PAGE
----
Well, the teaser actually has a description:
The teaser shows how the Psycho Squad might acquire a new member.
The Psycho Squad specializes in combating "psychos" -- individuals who overuse implants and substances that boost or otherwise alter the human body.
There comes a point when they overdose on these innovations, and their bodies start to rebel against their biological body parts as well as all things organic around them. Simply put, they start killing people, who they now derisively call "meatbags."
When a psycho goes on the rampage, strange things can happen. There's carnage, and the psycho might be taken down by regular police, but they're not always able to get the job done.
When things spin out of control, they call in MAX-TAC (Maximum Force Tactical Division), popularly called the Psycho Squad.
So it DOES seem like there will indeed be a balance to strike between humanity and overuse of implants.
CDProjekt RED seems to have a good grip on the task, and they acknowledge issues they face and how they might deal with them. They also got Mike to discuss things with, so I bet this is gonna be pretty damn good.
At first glance it may seem that there’s nothing easier than creating a video game based on an existing RPG system like Cyberpunk® 2020. After all, we already have all the mechanics prepared and ready to use in the game. As simple as it sounds, there’s more to it than meets the eye.
The pen & paper game rules are designed to give players as much flexibility as possible. They are more like a set of guidelines which players are at liberty to bend to their liking. Improvisation, dropping rules or adding new ones is a common practice for pen & paper games. This principle applies not only to gameplay rules, like combat or skill tests, but also to character customization. Players are limited only by common sense, the agreement of the group and their imagination.
Video games, on the other hand, do not have that much flexibility. Every element has to be accounted for and carefully designed. Of course, modern AAA RPG games, like The Witcher 2 or the upcoming Cyberpunk 2077, can give the Player lots of freedom. But the underlying mechanics are adhering to very strict rules and if an action or option wasn’t implemented in the code, then the player will not be able to do it. The same principle applies to character customization – the player can do only as much as game allows him to. So if game designers decide that it is not possible to play as an ugly midget you will not be able to play one. Sorry Tyrion Lannister fans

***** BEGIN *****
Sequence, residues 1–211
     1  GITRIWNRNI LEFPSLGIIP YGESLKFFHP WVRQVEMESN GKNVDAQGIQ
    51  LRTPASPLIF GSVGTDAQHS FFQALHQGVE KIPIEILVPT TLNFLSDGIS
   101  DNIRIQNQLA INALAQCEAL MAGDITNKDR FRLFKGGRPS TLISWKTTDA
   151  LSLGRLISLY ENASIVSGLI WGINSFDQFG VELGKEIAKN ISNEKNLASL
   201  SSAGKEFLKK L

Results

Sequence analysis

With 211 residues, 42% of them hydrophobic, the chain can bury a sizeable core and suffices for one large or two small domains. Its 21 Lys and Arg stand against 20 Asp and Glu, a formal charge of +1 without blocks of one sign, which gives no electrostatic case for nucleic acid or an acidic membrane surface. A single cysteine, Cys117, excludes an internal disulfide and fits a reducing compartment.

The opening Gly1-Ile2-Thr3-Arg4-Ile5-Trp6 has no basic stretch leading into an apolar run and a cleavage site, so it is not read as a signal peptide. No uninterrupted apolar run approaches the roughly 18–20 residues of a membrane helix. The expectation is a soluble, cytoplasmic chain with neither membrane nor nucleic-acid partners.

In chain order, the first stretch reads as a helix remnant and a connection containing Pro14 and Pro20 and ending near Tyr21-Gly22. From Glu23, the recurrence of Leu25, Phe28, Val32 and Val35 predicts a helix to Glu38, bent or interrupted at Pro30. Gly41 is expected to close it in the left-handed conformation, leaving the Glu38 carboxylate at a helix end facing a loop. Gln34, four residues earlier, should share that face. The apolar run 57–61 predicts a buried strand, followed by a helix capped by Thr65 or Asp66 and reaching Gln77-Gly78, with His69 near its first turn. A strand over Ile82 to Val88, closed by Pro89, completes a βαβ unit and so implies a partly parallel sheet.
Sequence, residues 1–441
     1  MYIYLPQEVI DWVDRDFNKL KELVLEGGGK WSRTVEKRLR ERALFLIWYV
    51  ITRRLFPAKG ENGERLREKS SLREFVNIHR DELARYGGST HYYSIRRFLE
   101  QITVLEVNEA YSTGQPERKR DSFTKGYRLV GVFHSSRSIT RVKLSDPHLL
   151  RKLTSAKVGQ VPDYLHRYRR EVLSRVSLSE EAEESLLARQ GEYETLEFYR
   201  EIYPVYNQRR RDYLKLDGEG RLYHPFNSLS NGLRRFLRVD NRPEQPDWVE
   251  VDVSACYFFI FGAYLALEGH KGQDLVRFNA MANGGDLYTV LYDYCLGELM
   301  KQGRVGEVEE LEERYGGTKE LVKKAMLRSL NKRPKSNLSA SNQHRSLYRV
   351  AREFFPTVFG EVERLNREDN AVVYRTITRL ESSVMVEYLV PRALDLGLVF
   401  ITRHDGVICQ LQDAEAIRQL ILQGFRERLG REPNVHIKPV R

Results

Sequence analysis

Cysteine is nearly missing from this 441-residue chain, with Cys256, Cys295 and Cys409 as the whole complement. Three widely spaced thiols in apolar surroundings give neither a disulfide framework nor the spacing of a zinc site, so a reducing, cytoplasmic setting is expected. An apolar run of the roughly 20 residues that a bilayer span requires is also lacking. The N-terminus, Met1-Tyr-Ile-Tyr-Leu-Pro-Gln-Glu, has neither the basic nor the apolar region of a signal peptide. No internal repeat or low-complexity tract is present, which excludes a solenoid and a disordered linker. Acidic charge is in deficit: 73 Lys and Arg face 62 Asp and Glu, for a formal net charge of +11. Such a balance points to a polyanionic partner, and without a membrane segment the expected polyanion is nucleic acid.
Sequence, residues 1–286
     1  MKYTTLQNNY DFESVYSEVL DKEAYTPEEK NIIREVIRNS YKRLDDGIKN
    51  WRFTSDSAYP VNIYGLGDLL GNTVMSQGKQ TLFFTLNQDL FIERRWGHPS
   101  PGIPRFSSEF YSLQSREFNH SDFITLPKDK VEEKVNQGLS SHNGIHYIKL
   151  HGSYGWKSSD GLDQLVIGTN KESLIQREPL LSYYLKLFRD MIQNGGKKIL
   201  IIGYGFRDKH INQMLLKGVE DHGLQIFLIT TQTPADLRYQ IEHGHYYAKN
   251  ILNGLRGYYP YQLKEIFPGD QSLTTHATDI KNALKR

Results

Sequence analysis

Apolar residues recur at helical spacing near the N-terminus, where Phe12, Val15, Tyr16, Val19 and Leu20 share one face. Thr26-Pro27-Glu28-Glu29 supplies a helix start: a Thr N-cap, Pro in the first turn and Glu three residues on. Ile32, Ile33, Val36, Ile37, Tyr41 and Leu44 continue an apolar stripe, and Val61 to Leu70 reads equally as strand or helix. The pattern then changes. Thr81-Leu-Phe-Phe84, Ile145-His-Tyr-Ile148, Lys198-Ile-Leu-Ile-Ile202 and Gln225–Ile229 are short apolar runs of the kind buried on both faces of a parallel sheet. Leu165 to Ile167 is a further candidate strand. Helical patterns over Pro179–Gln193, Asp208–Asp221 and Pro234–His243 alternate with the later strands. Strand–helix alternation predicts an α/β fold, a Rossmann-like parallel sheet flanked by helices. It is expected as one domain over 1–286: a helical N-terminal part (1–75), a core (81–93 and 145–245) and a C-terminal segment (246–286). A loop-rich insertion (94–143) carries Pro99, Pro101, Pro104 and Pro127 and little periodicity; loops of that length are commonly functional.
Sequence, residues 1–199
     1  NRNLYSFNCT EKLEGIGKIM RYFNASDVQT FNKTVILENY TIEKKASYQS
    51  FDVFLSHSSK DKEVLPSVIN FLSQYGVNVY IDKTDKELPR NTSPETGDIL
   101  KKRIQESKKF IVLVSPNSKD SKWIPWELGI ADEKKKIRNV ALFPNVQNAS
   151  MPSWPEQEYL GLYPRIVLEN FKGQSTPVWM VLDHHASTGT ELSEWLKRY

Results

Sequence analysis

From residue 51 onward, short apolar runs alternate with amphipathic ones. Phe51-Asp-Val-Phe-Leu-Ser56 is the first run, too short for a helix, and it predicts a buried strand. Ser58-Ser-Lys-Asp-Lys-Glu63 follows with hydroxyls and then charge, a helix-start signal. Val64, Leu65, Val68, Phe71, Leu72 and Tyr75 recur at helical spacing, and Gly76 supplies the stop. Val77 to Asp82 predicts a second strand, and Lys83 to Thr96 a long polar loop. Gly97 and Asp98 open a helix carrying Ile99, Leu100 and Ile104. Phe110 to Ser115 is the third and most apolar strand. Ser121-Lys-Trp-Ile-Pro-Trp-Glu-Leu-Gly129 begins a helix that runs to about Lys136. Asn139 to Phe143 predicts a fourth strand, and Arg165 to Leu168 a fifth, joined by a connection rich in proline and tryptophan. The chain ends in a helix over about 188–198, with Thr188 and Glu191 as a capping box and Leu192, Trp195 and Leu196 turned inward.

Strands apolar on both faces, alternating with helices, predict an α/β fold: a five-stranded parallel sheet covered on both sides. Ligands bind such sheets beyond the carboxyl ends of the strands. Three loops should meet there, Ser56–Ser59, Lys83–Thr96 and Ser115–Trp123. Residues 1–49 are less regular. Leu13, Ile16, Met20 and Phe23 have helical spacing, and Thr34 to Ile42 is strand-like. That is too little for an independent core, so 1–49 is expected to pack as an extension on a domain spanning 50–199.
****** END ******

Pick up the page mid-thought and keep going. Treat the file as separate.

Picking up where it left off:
This is why adapting pen & paper rules to video game is not as easy as it can appear at first glance. The flexibility of an in-person RPG has to be replaced with a strict set of rules. Every skill, attribute and game mechanic has to have a clear definition and place in the game. For example, the Cyberpunk® 2020 “Wardrobe & Style” skill governs the knowledge about the right clothes to wear, when to wear them and how to look cool even in a spacesuit. As you can see, this skill covers quite a big area of lore and can be interpreted differently, depending on the situation and the players. In Cyberpunk 2077 this skill has to be tied to a specific gameplay mechanic. And all of these mechanics have to be clearly defined so they can work well with other elements of the game and, at the same time, be easy to understand for the player. After all, we don’t have a referee or game master to explain or interpret the rules as you go. And, to accommodate your curiosity, yes, we have some really cool ideas on how to present aforementioned skill in the game. Regrettably, we’re not quite yet ready to spill the beans
For hardcore Cyberpunk 2020 fans out there, twiddling with rules in such a way may seem like blasphemy. But rest assured that we are working very closely with Mike Pondsmith to ensure that the unique feel of the original, paper game is preserved intact. Of course we may need to change some things, add new elements or even drop the ones that simply do not work in a video game (“Geology” skill anyone?).
Btw, I really dislike Deus Ex: Human Revolution. The choices in that game were utterly superficial and the setting quite dull, considering you didn't even get to see the riots in detroit apart from a couple of idiots who were around all along. It didn't play its cards well at all, imo.